What do researchers know about Morgellons disease?
A possible link between Morgellons and infection with Borrelia spirochetes has been suggested by one group of researchers. Three in the group are affiliated with the Morgellons Disease Foundation.
In an earlier study, researchers with the Centers for Disease Control and Prevention (CDC) concluded that Morgellons disease, which they refer to as an unexplained dermopathy, isn't caused by an infection or parasites. They studied samples of skin, blood, urine and hair.
Further research is needed to determine whether Morgellons is a new disorder and, if so, to develop diagnostic criteria.
A contested diagnosis
Attitudes toward Morgellons disease fall into various categories:
- Some health professionals believe that Morgellons disease is a specific condition that needs to be confirmed by research.
- Some health professionals believe that signs and symptoms of Morgellons disease are caused by another condition, often mental illness.
- Other health professionals don't acknowledge Morgellons disease or are reserving judgment until more is known about the condition.
Some people who suspect they have Morgellons disease claim they've been ignored or dismissed as fakers. In contrast, some doctors say that people who report signs and symptoms of Morgellons disease typically resist other explanations for their condition.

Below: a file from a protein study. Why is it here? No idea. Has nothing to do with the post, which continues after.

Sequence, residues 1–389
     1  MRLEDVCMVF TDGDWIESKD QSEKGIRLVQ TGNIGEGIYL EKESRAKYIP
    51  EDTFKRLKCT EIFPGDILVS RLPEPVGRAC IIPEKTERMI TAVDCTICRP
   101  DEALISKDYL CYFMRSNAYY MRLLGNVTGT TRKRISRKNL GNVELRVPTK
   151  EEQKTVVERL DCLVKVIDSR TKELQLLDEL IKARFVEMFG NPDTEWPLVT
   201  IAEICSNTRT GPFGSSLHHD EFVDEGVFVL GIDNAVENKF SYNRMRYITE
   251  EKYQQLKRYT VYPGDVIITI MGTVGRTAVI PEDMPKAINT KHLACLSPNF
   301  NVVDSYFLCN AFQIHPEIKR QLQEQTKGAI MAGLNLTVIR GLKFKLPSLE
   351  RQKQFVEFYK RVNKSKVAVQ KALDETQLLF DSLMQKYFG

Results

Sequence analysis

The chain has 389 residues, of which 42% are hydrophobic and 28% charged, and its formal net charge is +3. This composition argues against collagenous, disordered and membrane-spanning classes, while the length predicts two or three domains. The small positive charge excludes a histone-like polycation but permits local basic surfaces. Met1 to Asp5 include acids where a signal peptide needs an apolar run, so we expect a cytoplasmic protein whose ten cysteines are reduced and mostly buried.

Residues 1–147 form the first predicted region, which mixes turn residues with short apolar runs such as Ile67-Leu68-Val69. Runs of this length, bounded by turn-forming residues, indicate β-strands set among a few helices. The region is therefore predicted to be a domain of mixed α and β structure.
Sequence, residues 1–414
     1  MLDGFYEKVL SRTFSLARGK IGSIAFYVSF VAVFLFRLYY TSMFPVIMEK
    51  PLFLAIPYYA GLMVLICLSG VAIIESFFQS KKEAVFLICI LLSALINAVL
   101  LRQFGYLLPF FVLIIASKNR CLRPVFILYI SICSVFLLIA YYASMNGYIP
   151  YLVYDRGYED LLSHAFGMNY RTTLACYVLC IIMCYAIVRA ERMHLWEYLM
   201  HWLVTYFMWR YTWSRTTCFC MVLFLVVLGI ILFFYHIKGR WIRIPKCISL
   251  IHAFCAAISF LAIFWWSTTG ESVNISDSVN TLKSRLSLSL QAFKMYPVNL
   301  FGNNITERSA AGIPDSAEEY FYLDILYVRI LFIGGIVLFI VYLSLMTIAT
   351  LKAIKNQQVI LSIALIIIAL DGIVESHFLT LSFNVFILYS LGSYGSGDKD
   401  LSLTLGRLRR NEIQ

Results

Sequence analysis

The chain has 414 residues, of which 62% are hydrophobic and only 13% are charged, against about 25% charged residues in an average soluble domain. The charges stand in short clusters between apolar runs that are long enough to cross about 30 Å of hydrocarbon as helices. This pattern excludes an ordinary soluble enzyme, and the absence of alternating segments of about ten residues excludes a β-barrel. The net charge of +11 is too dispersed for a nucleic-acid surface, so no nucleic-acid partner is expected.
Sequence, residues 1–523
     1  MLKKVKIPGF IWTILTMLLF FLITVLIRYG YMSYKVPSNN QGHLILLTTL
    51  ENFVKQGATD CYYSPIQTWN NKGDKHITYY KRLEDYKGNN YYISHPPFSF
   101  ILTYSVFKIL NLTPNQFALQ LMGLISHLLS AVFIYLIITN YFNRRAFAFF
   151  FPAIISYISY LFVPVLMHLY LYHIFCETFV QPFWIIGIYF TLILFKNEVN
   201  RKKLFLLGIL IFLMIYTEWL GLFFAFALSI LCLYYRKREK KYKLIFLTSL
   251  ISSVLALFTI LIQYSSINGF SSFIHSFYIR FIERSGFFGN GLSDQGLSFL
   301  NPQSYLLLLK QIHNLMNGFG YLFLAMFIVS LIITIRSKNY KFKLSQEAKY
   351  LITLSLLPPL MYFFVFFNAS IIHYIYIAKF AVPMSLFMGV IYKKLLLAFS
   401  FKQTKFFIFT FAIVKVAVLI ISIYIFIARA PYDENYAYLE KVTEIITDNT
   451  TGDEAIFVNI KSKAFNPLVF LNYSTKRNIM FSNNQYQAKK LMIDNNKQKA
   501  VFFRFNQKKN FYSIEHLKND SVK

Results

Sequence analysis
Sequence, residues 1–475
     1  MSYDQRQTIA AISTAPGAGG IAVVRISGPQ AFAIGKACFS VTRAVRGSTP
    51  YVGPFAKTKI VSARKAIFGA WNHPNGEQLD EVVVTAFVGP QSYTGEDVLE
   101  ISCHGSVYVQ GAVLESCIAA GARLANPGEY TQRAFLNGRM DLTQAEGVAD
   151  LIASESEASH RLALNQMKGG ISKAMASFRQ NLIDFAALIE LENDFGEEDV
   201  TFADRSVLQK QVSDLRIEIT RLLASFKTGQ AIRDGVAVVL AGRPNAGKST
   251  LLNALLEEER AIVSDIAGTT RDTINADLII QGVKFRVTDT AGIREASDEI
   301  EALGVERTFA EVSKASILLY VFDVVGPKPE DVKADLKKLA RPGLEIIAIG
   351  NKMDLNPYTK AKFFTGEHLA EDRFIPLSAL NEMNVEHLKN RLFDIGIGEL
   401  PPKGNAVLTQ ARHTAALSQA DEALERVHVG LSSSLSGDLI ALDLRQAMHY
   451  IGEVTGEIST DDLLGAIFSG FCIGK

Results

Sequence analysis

Coping with Morgellons disease
The signs and symptoms linked to Morgellons disease can be distressing. Even though health professionals may disagree about the nature of the condition, you deserve compassionate treatment. To manage your signs and symptoms:
April 01, 2015
- Establish a caring health care team. Find a doctor who acknowledges your concerns, does a thorough examination and talks through treatment options with you.
- Be patient. Your doctor will likely look for known conditions that point to evidence-based treatments before considering a diagnosis of Morgellons disease.
- Keep an open mind. Consider various causes for your signs and symptoms and discuss your doctor's recommendations for treatment — which may include long-term mental health therapy.
- Seek treatment for other conditions. Get treatment for anxiety, depression or any other condition that affects your thinking, moods or behavior.
- Pearson ML, et al. Clinical epidemiologic, histopathologic and molecular features of an unexplained dermopathy. PLoS ONE. 2012;7:e29908.
- Suh KN, et al. Delusional parasitosis: Epidemiology, clinical presentation, assessment and diagnosis. http://www.uptodate.com/home/index. Accessed Feb. 18, 2015.
- CDC study of an unexplained dermopathy: Questions and answers. http://www.cdc.gov/unexplaineddermopathy/qa.html. Accessed Feb. 18, 2015.
- Gibson LE (expert opinion). Mayo Clinic, Rochester, Minn. March 19, 2015.
- O'Callaghan D, et al. A case series review of an unexplained dermopathy, commonly known as Morgellon's disease. Journal of the American Academy of Dermatology. 2014;70:AB34 (suppl 1).
- Middelveen MJ, et al. Characterization and evaluation of dermal filaments from patients with Morgellons disease. Clinical, Cosmetic Investigational Dermatology. 2013;6:1.
- Middelveen MJ, et al. Exploring the association between Morgellons disease and Lyme disease: Identification of Borrelia burgdorferi in Morgellons disease patients. BMC Dermatology. 2015;15:1. http://www.biomedcentral.com/1471-5945/15/1. Accessed Feb. 24, 2015.
- Soderfeldt Y, et al. Information, consent and treatment of patients with Morgellons disease: An ethical perspective. American Journal of Clinical Dermatology. 2014;15:71.